Things have improved now. Saudi Arabia and Yemen finally broadly agreed their long-disputed frontier in 2000, even though it did not restore the former privileged position of Yemeni workers in the kingdom.

However, the oil revenue which provided much of the central government's funding has been declining, and foreign aid has not been expanding, even if the post-1991 boycott is no longer in effect. However, the nepotism and corruption of the Saleh government, now in power for three decades, has taken a visibly disproportionate share of what there is left, and has provoked widespread agitation from those left out.

The main industry and commerce is the growth, distribution and mastication of qat, which takes a huge amount of land and water and anything up to a third of personal income. (Qat is a tropical evergreen plant whose leaves are used as a stimulant.)

On its positive side, the cultivation of a cash crop so lucrative that fields have armed guards has also, according to some economists, been a means of transferring wealth to the countryside and absorbing the deported workers from Saudi Arabia and the Gulf.

At first, when the government faced widespread dissent, it seemed to have seen an opportunity. By characterizing all the dissident groups as Iranian or al-Qaeda-influenced, they effectively rang the right bells in Riyadh and Washington, and hoped for military and financial aid.

Since the abortive Christmas Day bombing of the North West Airlines flight by a Nigerian linked to al-Qaeda and Yemen, both sides seem to have drawn back. The Yemenis who had been canvassing for heavy weaponry that would allow them to defeat all their various rebels seem to have realized that if they wanted to put truth in the rumors about al-Qaeda being behind them, all they had to do was get too close to the US and West - as in fact they had already shown signs of doing with bombing raids.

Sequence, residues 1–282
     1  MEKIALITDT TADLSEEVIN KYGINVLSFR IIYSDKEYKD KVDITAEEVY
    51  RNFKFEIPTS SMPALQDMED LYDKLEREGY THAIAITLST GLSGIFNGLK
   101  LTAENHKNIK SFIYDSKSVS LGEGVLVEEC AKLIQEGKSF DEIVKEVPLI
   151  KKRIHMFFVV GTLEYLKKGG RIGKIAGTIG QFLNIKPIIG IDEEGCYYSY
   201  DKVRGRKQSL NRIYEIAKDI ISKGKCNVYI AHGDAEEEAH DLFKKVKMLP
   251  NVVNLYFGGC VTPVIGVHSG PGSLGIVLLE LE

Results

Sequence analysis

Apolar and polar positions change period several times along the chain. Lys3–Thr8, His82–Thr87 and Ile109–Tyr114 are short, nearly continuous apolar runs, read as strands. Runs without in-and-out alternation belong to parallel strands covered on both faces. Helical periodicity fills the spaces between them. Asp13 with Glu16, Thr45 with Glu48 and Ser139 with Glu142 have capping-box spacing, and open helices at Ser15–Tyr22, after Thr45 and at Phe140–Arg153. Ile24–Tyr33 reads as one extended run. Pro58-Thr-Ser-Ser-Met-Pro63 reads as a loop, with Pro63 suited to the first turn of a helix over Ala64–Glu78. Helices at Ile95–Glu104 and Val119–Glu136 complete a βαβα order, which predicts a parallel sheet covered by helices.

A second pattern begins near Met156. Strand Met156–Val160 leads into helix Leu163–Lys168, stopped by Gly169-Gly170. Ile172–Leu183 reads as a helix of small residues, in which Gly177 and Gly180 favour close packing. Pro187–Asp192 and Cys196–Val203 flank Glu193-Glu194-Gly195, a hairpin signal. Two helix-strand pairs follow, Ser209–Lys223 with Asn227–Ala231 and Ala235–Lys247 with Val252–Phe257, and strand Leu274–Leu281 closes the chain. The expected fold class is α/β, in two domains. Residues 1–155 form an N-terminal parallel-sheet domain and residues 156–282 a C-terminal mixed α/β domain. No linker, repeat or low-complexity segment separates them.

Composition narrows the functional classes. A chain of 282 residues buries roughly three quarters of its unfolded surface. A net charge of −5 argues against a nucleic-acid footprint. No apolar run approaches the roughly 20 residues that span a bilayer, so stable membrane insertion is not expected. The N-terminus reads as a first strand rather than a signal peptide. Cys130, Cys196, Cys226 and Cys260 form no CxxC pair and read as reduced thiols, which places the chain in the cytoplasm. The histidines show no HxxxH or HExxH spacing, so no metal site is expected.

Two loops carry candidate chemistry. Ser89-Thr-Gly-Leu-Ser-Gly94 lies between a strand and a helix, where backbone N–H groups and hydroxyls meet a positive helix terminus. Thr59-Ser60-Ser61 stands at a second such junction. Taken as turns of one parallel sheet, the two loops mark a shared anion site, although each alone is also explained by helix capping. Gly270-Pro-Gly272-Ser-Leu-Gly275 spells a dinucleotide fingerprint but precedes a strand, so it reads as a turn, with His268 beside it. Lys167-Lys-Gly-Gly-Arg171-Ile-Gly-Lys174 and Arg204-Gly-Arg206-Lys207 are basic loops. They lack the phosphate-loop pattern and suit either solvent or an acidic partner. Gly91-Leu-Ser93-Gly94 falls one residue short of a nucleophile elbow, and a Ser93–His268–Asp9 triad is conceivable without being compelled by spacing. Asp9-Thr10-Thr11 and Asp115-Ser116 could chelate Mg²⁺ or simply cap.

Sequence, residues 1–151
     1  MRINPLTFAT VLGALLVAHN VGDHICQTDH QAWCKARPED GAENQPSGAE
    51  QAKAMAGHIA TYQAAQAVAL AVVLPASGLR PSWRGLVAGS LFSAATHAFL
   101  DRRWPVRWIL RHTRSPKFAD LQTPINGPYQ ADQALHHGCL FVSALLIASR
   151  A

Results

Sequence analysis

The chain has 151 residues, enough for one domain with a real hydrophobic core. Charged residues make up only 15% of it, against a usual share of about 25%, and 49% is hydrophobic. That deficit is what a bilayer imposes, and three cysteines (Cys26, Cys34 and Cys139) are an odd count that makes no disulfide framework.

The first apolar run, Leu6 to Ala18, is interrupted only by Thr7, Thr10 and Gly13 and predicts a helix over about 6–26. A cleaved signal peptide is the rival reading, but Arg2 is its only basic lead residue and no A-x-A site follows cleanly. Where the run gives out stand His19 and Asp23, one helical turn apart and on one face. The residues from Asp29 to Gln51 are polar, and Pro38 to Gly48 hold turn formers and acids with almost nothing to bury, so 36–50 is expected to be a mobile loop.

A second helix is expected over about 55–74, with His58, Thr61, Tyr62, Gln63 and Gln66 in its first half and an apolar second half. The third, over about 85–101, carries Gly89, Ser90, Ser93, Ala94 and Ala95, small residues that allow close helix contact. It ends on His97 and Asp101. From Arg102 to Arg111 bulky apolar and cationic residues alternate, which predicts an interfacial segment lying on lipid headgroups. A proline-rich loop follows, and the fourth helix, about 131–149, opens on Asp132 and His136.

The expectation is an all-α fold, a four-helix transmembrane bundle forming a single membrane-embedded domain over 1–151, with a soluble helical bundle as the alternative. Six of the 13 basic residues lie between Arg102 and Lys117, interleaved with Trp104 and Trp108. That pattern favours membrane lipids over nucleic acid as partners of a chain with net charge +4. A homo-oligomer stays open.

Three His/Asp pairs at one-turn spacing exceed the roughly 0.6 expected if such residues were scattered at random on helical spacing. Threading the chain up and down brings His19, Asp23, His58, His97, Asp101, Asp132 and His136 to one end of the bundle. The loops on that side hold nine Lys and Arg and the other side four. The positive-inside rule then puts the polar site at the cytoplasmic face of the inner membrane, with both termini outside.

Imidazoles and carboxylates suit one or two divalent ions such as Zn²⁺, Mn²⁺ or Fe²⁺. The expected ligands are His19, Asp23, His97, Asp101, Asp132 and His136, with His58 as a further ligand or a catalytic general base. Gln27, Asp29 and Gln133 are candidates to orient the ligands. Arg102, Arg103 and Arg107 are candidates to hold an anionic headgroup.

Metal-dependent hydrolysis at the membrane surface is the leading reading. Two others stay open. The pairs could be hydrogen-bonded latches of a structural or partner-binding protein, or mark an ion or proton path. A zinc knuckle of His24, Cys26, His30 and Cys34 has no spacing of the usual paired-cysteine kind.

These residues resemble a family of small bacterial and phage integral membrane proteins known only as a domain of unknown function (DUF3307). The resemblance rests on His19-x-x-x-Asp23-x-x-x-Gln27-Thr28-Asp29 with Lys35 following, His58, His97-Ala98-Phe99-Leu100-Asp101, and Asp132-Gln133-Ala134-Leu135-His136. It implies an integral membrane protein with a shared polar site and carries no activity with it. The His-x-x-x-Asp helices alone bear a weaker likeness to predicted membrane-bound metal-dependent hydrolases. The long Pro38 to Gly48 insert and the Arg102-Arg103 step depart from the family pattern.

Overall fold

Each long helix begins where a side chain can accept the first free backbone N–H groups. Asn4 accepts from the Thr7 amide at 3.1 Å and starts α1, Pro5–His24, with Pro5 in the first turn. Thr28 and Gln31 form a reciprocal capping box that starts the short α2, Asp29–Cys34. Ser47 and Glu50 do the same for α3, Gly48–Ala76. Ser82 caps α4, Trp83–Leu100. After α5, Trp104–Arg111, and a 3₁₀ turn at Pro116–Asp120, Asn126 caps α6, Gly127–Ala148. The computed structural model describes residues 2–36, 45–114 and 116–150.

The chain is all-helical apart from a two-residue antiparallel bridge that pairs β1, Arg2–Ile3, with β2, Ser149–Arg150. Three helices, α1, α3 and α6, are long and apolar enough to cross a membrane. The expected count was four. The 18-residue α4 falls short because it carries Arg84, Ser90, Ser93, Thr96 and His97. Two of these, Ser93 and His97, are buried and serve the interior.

Any visible intervention by the US could unify Yemen like nothing else - against the invader. The same thought seems to be occurring in Washington, despite the apocalyptic language from Secretary of State Hillary Clinton about the Yemeni situation being a regional and global threat. Support for police units has already been announced, and the international meeting that British Prime Minister Gordon Brown has convened (with American and Saudi support) for the end of the month seems based on the premise that economic, social and political development are crucial to hold the country together and dampen the various conflicts.

It is not so much that Yemen is a failed state, but as Indian pacifist Mahatma Gandhi one said when asked what he thought about Western civilization, a functioning state would be a good idea. There are unlikely to be any quick and easy answers, but it could be that the right questions are being asked this time. If there is to be a war in Yemen against abstractions, it should be against tangible and real abstractions: poverty and one of its causes, corruption.

Ian Williams is the author of Deserter: Bush's War on Military Families, Veterans and His Past, Nation Books, New York.